after the painting, Woman in a Striped Dress, by Edouard Vuillard
The women’s chatter is un-momentous.
Something about mums in late winter,
how fall flowers linger
into next season.
What grief they feel they conceal
behind placid down-turned faces
imposed upon armfuls of carnations
slipped behind their glass cases.
Funerals or weddings,
such are the occasions for flowers.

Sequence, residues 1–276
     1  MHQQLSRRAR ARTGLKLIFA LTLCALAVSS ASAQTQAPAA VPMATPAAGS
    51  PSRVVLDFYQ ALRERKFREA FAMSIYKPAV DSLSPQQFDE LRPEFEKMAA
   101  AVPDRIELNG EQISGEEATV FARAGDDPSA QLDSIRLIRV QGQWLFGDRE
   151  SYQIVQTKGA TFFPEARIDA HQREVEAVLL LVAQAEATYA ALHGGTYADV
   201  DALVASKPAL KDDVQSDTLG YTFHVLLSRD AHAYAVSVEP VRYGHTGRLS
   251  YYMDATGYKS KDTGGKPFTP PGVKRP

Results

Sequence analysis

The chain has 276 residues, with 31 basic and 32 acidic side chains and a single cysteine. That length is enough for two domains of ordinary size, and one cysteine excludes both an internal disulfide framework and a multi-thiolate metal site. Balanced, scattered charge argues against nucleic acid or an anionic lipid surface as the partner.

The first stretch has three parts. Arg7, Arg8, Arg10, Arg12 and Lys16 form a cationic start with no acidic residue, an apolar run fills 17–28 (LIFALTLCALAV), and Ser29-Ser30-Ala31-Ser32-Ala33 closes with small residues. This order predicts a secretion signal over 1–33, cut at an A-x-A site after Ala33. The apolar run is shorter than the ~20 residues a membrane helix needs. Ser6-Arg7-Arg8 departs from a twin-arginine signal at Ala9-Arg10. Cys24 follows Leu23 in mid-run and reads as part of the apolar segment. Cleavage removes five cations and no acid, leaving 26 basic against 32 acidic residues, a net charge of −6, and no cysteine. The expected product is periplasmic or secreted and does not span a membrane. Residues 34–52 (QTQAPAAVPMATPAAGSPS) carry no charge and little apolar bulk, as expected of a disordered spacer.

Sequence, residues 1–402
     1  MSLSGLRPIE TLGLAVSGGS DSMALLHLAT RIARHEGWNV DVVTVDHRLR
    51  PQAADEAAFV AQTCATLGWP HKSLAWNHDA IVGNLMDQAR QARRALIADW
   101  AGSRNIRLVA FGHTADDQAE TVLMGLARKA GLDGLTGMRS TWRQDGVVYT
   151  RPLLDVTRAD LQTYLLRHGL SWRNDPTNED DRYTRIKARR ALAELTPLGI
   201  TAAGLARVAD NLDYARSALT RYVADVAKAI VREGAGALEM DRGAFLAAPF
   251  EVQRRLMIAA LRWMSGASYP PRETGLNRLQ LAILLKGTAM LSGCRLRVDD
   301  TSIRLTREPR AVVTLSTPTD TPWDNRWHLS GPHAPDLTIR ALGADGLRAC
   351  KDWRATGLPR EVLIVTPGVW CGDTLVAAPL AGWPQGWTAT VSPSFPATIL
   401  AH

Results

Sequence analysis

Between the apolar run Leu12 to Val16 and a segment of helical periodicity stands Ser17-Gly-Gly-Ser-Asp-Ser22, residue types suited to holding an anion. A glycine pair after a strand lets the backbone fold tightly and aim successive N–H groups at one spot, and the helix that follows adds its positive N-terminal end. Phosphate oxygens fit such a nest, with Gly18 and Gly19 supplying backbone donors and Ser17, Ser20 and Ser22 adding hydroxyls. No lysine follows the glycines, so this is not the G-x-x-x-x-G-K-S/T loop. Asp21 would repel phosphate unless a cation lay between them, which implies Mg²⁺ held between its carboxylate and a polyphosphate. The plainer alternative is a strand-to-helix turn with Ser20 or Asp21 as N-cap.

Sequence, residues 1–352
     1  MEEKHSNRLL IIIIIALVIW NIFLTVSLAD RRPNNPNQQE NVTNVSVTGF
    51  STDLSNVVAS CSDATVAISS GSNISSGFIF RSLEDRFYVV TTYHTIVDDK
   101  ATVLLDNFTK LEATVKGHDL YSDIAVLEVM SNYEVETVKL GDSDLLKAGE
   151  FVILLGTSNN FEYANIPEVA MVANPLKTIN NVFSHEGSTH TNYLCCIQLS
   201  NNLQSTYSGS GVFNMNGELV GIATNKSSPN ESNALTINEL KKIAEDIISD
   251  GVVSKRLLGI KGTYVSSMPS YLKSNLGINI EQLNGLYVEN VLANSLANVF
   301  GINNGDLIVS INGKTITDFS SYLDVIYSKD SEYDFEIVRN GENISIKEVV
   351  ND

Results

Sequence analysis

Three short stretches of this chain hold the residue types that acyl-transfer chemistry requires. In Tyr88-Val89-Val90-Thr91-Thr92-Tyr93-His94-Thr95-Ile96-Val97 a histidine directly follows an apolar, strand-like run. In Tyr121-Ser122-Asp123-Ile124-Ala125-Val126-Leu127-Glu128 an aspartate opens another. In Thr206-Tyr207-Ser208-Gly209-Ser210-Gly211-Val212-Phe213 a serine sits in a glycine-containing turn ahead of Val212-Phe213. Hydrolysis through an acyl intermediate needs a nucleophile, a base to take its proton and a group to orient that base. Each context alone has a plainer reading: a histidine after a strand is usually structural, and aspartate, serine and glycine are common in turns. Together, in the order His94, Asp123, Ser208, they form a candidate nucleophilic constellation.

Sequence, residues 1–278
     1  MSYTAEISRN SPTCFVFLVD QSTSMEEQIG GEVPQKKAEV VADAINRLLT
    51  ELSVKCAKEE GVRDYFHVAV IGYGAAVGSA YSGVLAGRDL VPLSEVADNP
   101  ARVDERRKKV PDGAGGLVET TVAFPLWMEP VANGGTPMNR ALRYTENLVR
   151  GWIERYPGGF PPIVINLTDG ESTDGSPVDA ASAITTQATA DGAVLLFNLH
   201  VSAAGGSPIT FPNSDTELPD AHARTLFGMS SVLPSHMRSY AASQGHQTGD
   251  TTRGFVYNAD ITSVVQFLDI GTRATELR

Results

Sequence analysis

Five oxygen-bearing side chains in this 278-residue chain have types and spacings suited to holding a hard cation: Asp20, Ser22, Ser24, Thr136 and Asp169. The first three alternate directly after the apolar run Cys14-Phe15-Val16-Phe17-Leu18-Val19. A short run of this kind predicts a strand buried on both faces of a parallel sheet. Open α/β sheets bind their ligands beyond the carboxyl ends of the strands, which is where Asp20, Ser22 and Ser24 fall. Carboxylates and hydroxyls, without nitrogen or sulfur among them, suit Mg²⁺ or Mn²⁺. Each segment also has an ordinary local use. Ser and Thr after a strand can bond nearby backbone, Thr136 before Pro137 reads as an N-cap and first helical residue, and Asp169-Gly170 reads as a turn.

An angel hovers above one woman’s
right shoulder, like a hummingbird,
a blur against the backdrop
of the florist’s shop and listens
intently. What thoughts she has
are quick and fleeting. She knows
the woman’s hand is empty and hangs
useless from the lace cuff
of her mutton chop sleeve, more stiff
and crinkling for attention
than the cut, voluptuous arrangements
she admires in their vases.
Neither woman can hear her
hum. If only they could retrace their steps
and smell the flowers picked
along the way, or heed the murmurs
made by the angel of everyday bouquets.